Cubs chase history during an era in which repeating is harder than ever

Now that the Cubs have found a cure for their World Series hangover and made it back to the postseason, they will begin their bid for a repeat Friday night in Game 1 of the National League Division Series against the Nationals in Washington.

No team has won back-to-back championships since the Yankees did it three straight years from 1998-2000, so the Cubs are hoping to vault themselves into elite company. The Cubs are the first World Series champion since 2012 to return to the postseason the following year, which says a lot about the degree of difficulty involved.

"You would expect the World Series winner to be in the playoffs the next year every year," third baseman Kris Bryant said. "It just hasn't been the case."

Added Ben Zobrist: "It's hard, but it can be done. So that's what we plan on doing."

It won't be easy, and the odds are stacked against the Cubs as they begin their October trek.

The Cubs don't have home-field advantage against the Nationals in the NLDS and won't if they advance to play the Dodgers in the National League Championship Series — if LA gets past the Diamondbacks. Three of the four remaining American League teams, excluding the Yankees, also finished with a better record than the Cubs and will have the home-field advantage in any potential World Series matchup.

One of their two aces, Jake Arrieta, is battling a right hamstring injury, and a bullpen that ranked second in the National League in the first half with a 3.26 ERA was 10th in the second half at 4.48. The Cubs finished second in the NL in runs scored with 822 but were 12th with runners in scoring position with a .253 average.

Even if they fire on all cylinders, a repeat is extremely hard to pull off.

"Trying to do something really hard once is one thing," President Theo Epstein said. "Trying to do something really hard twice is another."

The Yankees did it in a different era when PEDs were widespread, analytics were still in their infancy and owner George Steinbrenner spent whatever was necessary to keep them on top.

The 1998-2000 Yankees' core included Derek Jeter, Paul O'Neill, Bernie Williams and Jorge Posada, but they also had some of the best starters in the game and the best closer of all time in Mariano Rivera.

The '98 Yankees featured a rotation of veterans David Cone, David Wells, Orlando Hernandez and Andy Pettitte. They were first in the AL in ERA (3.82) and runs scored (965), winning 114 games en route to the AL East title.

In the postseason the Yankees held the Rangers to a .141 average and one run in a three-game ALDS sweep, knocked off the Indians 4-2 in the ALCS and swept the Padres the World Series.

For the repeat attempt in '99, the Yankees added Roger Clemens to the rotation while subtracting Wells. They were third in runs scored with 900 and second in ERA at 4.16, taking the AL East again with 98 victories. The Yankees swept the Rangers again in the ALDS, cruised to a 4-1 triumph over the Red Sox in the ALCS and swept the Braves in the Series.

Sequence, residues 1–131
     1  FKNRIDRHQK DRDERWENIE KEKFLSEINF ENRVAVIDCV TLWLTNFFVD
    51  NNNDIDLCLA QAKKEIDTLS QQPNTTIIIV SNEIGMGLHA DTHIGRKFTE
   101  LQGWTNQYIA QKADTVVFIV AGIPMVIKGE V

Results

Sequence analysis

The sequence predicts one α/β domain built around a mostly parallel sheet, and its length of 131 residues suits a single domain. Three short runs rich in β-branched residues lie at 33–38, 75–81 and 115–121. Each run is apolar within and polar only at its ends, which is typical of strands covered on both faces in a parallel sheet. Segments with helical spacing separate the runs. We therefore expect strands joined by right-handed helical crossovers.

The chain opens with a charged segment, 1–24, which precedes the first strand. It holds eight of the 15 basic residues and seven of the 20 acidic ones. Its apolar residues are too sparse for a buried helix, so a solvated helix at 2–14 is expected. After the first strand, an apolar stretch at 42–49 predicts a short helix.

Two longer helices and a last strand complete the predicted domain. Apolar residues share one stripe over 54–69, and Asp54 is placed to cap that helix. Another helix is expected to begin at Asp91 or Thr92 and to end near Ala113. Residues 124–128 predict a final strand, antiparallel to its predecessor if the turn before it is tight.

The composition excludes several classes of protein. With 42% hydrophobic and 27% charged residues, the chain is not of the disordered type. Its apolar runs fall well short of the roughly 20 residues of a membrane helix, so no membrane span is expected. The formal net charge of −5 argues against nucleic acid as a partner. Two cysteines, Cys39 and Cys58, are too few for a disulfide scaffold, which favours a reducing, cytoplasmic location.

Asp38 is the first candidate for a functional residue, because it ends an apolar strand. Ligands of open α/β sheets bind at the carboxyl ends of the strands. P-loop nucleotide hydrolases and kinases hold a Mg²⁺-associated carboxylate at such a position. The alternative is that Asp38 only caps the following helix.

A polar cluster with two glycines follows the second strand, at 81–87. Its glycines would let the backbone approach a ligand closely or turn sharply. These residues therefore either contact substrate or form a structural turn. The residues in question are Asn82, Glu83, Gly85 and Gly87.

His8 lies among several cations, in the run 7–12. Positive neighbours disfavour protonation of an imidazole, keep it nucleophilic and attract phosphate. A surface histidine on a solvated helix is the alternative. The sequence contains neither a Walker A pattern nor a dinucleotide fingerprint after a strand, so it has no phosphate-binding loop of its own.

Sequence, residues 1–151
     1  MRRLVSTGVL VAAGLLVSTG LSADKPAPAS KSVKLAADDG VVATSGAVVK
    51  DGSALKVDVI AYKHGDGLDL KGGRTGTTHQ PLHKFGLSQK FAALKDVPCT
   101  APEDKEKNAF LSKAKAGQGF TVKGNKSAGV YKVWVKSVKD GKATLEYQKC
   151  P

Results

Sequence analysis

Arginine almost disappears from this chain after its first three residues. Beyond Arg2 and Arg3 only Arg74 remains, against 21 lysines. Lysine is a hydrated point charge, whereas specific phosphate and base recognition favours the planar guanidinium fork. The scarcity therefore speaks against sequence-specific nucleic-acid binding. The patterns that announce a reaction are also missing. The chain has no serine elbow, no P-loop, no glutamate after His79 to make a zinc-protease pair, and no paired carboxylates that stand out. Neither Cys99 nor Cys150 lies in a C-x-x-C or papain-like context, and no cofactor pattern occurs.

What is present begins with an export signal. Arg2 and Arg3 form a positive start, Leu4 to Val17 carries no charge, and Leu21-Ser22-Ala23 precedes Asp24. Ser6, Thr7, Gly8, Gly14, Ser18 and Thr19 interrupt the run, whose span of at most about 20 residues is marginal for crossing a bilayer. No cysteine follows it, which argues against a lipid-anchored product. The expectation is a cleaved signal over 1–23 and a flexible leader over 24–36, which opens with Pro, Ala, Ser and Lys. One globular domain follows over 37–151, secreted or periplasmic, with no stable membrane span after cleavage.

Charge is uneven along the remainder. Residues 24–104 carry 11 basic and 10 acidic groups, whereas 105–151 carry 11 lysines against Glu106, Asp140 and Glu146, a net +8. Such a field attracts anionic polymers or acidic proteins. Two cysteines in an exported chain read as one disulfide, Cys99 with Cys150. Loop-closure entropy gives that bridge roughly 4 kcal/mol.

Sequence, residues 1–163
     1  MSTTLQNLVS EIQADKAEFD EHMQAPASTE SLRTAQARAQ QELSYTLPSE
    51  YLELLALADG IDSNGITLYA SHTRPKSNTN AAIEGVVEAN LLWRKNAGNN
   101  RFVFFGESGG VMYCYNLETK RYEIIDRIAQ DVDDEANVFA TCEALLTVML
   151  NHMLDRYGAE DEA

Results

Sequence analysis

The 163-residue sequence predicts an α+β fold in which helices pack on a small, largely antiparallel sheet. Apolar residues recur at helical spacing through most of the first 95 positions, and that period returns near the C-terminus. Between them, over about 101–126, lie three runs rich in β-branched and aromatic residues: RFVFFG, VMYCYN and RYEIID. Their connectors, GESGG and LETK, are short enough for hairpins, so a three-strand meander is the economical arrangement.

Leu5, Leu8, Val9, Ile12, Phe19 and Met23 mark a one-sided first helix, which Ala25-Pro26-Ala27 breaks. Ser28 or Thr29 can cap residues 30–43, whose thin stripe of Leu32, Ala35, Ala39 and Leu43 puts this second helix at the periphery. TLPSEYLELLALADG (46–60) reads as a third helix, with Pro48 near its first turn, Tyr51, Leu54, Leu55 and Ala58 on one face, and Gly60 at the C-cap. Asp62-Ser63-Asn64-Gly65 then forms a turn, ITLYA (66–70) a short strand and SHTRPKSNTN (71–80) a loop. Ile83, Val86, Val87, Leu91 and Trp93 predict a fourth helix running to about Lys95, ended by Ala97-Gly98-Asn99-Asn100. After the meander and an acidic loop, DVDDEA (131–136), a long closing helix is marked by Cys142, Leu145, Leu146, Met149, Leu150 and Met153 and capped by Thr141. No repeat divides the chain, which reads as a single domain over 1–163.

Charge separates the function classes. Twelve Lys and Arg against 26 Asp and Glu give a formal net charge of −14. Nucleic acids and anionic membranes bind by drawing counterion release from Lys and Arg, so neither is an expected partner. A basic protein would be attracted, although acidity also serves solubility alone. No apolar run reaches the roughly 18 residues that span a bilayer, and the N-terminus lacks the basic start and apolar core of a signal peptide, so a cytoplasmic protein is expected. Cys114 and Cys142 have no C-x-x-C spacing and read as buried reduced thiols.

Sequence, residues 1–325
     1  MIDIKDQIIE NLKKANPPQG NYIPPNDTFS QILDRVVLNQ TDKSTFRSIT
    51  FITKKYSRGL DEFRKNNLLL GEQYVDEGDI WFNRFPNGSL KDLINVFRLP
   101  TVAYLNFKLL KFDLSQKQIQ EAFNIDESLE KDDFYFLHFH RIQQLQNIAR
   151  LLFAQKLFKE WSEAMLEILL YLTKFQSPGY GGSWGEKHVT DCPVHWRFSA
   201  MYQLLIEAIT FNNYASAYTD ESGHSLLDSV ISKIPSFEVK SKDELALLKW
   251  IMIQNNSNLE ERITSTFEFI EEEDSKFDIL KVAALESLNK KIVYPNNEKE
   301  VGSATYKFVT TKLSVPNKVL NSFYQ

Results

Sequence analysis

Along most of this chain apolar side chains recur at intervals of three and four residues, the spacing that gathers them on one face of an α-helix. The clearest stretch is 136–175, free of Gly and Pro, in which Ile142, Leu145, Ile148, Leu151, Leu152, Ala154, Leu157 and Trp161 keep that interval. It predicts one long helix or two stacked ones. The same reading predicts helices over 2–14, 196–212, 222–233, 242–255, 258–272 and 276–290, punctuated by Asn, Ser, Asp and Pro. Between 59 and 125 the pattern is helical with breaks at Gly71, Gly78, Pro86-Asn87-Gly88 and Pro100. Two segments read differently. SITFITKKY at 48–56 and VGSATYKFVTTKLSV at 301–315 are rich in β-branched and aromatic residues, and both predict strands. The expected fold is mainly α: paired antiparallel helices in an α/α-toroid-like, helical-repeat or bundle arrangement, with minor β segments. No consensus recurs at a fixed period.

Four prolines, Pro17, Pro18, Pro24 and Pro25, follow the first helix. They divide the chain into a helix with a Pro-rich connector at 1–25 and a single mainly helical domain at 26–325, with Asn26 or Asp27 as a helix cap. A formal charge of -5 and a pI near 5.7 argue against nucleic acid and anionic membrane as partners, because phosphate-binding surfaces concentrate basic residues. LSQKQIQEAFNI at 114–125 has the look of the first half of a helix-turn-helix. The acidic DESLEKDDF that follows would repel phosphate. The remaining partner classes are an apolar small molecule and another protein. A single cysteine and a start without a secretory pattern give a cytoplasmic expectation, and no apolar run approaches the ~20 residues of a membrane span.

The 2000 championship was the hardest of the three. They won 87 games and finished only 21/2 games ahead of the Red Sox. The White Sox led the AL in victories with 95 and runs scored with 978, but the wild-card Mariners swept them in the ALDS while the Yankees eked out a 3-2 victory over the A's in the other division series.

After beating the Mariners 4-2 in the ALCS, the Yankees brushed aside the Mets 4-1 in the Subway Series for the three-peat.

Solid starting pitching was one of the keys to the three-year run, and having Rivera as their closer obviously was crucial. But in reality there never should have been a three-peat. The 2000 season was an anomaly as the Yankees fell to sixth in the AL in ERA at 4.76 while ranking sixth in hitting.

The Yankees had a boatload of talent, just as the 2017 Cubs do, but also had some luck on their side. And whether PEDs played a role is also debatable, though this was before MLB began drug testing, so steroids were prevalent throughout the game.

Still, in 2012, Pettitte testified in federal court he took human growth hormone in 2002 and '04 and said Clemens told him he had used it in 1999 or 2000. Clemens denied the charge — saying it was his wife that had used HGH. — but he has not been voted into the Hall of Fame, likely because of the suspicion of PEDs.

The three-peat is in the books, and no team has gone back-to-back since. Epstein pointed out there's more roster turnover now and "there are less obvious advantages to exploit." Limits on spending in the draft, technological advances in analytics and other factors have leveled the playing field.

And there's the aforementioned "World Series hangover" the Cubs experienced this season. Mental and physical exhaustion from a shorter offseason is an impediment to getting off to a good start, as the Cubs discovered the hard way.

But if the Cubs do repeat, what can they do next year to prevent another World Series hangover?

"What we did this year was pretty fun, to be honest," Anthony Rizzo said.

So the Cubs should start out playing poorly again and turn it on the in the second half?

"Our goal every year is to win the division," he replied. "You play 162 games for a reason. The cream always rises to the top. ... What's written is written, but we're here."

The Cubs indeed are here.

But can they rise to the top again in the postseason and make a little history?

We're about to find out.

psullivan@chicagotribune.com

Twitter @PWSullivan

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